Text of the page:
Human Biology Division, Fred Hutch
Dr. Slobodan Beronja studies how our skin develops to better understand skin cancer, including squamous cell carcinoma. Because we constantly shed the uppermost layer of our skin, we rely on specialized skin stem cells to form new skin cells to replace those lost. To maintain a pool of skin-replenishing stem cells, stem cells also continually renew themselves. Dr. Beronja studies how skin stem cells perform both functions — and how skin tumors can co-opt those normal processes. He also uncovers the strategies that skin employs to prevent the development of cancer.
University of Toronto, 2006, Ph.D.
University of Toronto, 2000, B.S., Zoology
Dr. Beronja's laboratory studies molecular and cellular mechanisms that are essential for tissue growth during development and tumorigenesis. His goal is to identifying genes and gene pathways that can be used as targets in cancer therapy with a particular focus on the regulators of the balance between stem cell renewal and differentiation.
Dr. Beronja's research uses mouse skin epidermis and epidermal squamous cell carcinoma (SCC) as a model of tissue growth in development and disease. Skin epidermis is a particularly suitable system for our investigation for the following reasons:
Well-defined physiological system: Skin is composed of two compartments, the epithelial epidermis and mesenchymal dermis, separated by a basement membrane. Epidermal growth during embryonic development and its maintenance in the adult are achieved through continuous cycles of progenitor cell self-renewal and differentiation under the control of cell extrinsic signals coming from the surrounding mesenchyme.
Implications for human health: SCC of the skin is the second most common cancer in people, with an estimated 700,000 new cases in the US each year. Fortunately, most lesions are detected early and surgically removed, accounting for disease’s high survival rates. Importantly, ontogeny of epidermal SCC parallels cancers associated with high mortality, including the SCC of the head and neck and the lung SCC.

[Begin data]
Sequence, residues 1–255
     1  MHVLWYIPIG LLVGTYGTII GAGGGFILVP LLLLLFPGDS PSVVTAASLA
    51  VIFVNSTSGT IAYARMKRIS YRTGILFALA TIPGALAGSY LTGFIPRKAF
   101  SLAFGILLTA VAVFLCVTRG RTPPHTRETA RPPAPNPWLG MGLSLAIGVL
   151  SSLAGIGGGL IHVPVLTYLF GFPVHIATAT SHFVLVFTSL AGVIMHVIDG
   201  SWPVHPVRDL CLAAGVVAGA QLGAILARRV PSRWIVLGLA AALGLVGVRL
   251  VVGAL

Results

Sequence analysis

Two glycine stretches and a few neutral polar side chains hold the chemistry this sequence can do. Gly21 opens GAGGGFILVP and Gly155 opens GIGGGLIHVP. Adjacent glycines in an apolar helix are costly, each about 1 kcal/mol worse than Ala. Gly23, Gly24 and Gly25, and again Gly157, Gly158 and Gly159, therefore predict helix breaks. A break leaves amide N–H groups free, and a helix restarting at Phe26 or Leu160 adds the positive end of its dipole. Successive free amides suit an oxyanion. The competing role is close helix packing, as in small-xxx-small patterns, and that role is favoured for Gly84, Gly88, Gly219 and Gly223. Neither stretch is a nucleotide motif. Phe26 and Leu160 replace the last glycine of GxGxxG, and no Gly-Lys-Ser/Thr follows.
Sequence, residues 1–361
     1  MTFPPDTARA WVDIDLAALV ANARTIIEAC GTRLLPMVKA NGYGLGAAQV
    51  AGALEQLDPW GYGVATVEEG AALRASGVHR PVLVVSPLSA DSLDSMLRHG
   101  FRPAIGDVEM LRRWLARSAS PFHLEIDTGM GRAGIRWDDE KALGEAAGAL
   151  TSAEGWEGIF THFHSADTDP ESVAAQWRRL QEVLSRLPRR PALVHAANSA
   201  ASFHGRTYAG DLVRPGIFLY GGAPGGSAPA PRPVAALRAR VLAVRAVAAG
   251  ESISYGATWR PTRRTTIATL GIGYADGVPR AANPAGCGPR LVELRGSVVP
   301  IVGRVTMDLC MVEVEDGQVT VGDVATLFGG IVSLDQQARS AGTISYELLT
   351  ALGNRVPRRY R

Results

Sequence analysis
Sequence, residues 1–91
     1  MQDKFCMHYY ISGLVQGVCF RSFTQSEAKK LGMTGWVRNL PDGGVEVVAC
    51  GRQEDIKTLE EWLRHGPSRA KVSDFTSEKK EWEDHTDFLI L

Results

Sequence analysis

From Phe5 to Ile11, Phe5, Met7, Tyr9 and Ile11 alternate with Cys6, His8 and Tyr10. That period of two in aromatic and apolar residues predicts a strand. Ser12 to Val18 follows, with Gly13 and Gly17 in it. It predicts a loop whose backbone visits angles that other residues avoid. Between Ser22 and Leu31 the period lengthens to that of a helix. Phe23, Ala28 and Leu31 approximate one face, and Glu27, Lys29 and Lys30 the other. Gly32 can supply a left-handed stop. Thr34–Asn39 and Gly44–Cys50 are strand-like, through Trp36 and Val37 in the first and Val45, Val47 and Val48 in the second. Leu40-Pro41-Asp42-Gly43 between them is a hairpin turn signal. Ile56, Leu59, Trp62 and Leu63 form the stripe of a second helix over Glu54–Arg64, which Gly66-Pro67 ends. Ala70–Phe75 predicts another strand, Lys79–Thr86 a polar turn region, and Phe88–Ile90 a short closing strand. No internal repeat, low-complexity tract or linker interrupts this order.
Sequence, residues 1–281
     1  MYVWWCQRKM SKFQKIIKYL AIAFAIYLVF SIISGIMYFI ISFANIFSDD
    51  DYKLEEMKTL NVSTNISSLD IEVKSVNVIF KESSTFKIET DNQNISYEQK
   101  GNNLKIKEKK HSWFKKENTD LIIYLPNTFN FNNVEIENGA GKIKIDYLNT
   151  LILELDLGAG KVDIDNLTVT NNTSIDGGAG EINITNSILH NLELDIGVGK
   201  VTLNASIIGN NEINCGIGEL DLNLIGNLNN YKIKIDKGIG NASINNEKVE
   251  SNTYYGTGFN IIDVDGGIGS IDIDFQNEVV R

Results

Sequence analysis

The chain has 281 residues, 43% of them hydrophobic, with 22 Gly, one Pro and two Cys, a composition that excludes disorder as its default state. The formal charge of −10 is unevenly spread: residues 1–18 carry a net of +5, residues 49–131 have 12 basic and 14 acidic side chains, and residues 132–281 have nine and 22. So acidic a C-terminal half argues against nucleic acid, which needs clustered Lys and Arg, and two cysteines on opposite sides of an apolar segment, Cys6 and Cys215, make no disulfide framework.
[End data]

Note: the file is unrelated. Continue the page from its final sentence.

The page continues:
Tools for analysis of gene function: In addition to standard methods of creating transgenic animals, mouse epidermis can be efficiently and stably targeted through in utero injection of lentivirus. Using lentivirus to express shRNA, for RNAi-mediated gene knockdown, or ORF, for gene overexpression, we can rapidly assess gene function and complex genetic interactions in skin morphogenesis and disease in vivo.
1. Candidate-based analysis of gene function in regulation of epidermal tissue growth. We have completed an RNAi screen of ~16,000 mouse genes and uncovered putative regulators of epidermal tissue growth during embryonic development and oncogenic hyperplasia. We will now probe the precise cellular and molecular mechanisms behind the observed growth effects, with a focus on genes that specifically operate within the physiological environment by altering the balance between stem cell renewal and differentiation.
2. Large-scale investigation of modifiers of epidermal tumor initiation. We have been successful in combining the pooled-format lentiviral-mediated RNAi and quantitative Illumina sequencing into a rapid, comprehensive, and relatively low-cost approach to genome-wide gene function analysis during embryogenesis. Next, we are extending the use of the approach to postnatal epidermis, to identify bona fide enhancers of tumor initiation and progression in the oncogenic Ras animal model. The complexity of our lentiviral pools will vary from patient-specific to genome-wide.
3. Development of a general model of epithelial growth and tumorigenesis. Small modifications in the in utero injection method result in efficient lentiviral transduction of other tissues, including the oral, mammary and airway epithelium. These are distinct from the epidermis in their organization, physiological environment, and rate of developmental and regenerative growth, and carcinomas in these epithelia are the leading cause of tumor-associated deaths worldwide. Using RNAi-mediated gene knockdown we will test general applicability of molecular mechanisms uncovered in our studies of epidermal growth and tumorigenesis.
The Media Relations team at Fred Hutch is available to assist members of the news media who would like to arrange interviews with faculty.
Email email@example.com or call 206.667.2210.